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MS SQL

Posted Apr 21, 2003

MDX Essentials: Member Functions: More "Family" Functions - Page 4

By William Pearson

The .LastChild Function

Similar in operation to the .FirstChild function above, only working from the "opposite end" of the range of the children of a specified member, the .LastChild function returns the last child of the specified member using the syntax we describe below. To illustrate our meaning of the term "last child," we will return to the visual representation we constructed for .FirstChild to view the impact of the .LastChild function, working within the Time dimension once again for a readily understandable hierarchy.

Illustration 7 below depicts the relationships between the members and levels under consideration:


Illustration 7: Revisiting the Time Dimension Hierarchy to Display .LastChild

Syntax

The .LastChild function is appended to the right of the member, as shown in the following illustration:

<member>.LastChild

A simple illustration of the .LastChild function in action follows:

SELECT
{[Time].[Year].[1997].LastChild} ON COLUMNS
FROM [Warehouse]
WHERE ([Measures].[Warehouse Sales])

The result dataset returned would appear as shown in Illustration 8 below:


Illustration 8: Example Result Dataset from Using the .LastChild Function

Practice

We will construct an expression that calls the .LastChild function into action to reinforce our grasp of its operation. We will begin with a simple illustration that involves the .LastChild function: a basic query designed to extract total Warehouse Sales for each member of the Product Family level of the Product dimension for Q1 of 1997.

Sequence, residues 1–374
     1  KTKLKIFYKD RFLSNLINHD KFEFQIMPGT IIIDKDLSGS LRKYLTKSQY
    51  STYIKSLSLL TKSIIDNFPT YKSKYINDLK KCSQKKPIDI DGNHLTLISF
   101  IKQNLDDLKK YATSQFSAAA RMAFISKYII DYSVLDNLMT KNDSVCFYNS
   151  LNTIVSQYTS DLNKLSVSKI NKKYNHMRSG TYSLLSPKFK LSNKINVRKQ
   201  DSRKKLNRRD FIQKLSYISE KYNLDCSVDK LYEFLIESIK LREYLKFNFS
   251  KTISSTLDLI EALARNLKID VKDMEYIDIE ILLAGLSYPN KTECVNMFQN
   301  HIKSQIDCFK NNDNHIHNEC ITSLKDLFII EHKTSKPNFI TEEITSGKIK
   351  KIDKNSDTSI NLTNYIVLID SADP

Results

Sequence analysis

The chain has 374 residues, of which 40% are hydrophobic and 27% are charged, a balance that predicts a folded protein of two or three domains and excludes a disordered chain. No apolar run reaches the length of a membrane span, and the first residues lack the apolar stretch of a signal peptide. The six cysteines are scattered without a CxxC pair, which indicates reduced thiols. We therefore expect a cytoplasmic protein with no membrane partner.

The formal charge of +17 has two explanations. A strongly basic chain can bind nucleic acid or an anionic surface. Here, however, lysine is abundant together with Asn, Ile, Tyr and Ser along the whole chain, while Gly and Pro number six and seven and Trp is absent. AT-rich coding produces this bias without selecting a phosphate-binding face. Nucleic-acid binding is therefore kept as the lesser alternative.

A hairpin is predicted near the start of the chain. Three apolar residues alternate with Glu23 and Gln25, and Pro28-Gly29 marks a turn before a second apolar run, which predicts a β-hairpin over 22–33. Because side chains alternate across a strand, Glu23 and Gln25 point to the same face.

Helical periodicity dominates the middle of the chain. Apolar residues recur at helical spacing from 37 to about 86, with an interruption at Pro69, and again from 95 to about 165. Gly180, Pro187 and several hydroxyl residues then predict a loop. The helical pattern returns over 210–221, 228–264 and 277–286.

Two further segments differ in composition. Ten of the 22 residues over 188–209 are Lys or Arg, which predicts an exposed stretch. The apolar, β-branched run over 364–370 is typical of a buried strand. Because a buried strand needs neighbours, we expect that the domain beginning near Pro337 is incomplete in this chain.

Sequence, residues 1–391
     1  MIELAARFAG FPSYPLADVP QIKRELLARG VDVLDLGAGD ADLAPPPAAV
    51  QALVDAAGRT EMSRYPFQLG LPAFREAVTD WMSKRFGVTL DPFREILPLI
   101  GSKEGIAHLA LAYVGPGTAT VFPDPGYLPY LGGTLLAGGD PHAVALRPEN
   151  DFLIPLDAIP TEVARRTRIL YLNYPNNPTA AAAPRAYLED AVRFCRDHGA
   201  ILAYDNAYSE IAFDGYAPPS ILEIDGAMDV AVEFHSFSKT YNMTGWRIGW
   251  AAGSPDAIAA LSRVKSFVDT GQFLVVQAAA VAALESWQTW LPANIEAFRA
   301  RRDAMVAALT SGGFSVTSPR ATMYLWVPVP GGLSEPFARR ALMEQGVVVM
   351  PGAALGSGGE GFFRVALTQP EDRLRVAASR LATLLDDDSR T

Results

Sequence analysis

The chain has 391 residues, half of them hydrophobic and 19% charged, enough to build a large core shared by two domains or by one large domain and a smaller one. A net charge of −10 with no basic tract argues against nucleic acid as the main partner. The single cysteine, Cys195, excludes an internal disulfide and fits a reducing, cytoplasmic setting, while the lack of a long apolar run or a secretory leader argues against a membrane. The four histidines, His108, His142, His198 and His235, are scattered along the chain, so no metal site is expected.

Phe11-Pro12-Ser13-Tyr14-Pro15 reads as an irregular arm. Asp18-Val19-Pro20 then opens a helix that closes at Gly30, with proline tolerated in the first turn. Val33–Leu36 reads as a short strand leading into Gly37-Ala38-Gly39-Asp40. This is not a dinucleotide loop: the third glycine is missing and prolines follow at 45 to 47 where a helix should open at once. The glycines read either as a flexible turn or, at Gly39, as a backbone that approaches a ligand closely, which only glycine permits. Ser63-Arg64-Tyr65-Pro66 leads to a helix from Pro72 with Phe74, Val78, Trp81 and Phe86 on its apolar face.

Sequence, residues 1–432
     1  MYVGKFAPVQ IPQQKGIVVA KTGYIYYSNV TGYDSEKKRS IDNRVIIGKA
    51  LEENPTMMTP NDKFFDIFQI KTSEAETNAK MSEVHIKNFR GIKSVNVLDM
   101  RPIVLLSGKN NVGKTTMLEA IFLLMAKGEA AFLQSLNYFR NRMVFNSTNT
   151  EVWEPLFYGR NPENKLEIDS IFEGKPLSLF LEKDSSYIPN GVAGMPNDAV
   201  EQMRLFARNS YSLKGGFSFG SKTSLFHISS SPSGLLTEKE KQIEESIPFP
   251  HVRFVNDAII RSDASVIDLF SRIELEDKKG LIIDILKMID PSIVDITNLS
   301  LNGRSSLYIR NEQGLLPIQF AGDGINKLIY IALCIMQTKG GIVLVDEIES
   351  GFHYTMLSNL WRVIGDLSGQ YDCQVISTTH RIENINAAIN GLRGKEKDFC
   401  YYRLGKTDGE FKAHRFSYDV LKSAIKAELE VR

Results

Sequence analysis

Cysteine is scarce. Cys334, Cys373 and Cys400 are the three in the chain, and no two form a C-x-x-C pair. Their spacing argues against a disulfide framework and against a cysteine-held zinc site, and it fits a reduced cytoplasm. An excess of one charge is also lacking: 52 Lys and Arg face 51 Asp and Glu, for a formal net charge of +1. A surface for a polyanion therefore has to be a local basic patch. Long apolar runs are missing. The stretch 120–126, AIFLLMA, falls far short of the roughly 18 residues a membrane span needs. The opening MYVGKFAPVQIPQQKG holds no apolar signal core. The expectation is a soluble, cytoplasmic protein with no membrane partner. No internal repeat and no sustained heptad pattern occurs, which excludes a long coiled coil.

1. Type the following query into the Query pane:

-- MDX06-3:  Tutorial Query No. 3
SELECT
{[Time].[Year].[1997].LastChild} ON COLUMNS,
{[Product].[Product Family].Members} ON ROWS
FROM [Warehouse]
WHERE ([Measures].[Warehouse Sales])

2. Click the Run button to execute the query.

We see the dataset pictured below appear in the Results pane.


Illustration 9: The Query Result Dataset

The query delivers the results that we requested; we see the totals for the enumerated members of the Product Family level of the Product hierarchy.

As our example illustrates above, the last child of level member 1997 is Q4.

Next, we will write a basic query to return total Warehouse Sales for the Non-Consumables children of the Product Family level, by month (and thus for each of the children of the member Q4). Using the .Children function again, we will enumerate the months contained within Q4, which we determined, in the query immediately above, to be the last child of member 1997 of the Time dimension. The intent will be to create a column for each month in Q4, and a row for each child of the Non-Consumables level of the Product dimension.

Type the following query into the Query pane:

-- MDX06-4:  Tutorial Query No. 4
SELECT
{[Time].[Year].[1997].LastChild.Children} ON COLUMNS,
{[Product].[Product Family].[Non-Consumable].Children} ON ROWS
FROM [Warehouse]
WHERE ([Measures].[Warehouse Sales])

3. Click Query on the top menu, and then select Run.

The Results pane appears as shown in Illustration 10.


Illustration 10: The Query Results

The query delivers the totals for the enumerated children of the Non-Consumable level of the Product dimension, as before, by Q4 month (that is, 10, 11, and 12), the children of the Q4 level of the Time dimension.

We see that we have obtained summaries at the level of the children of the Non-Consumable level for the Warehouse Sales for each month of the last / fourth quarter of 1997, because we affixed the .LastChild function to the 1997 year level of the time dimension, and then suffixed .LastChild with the .Children function.



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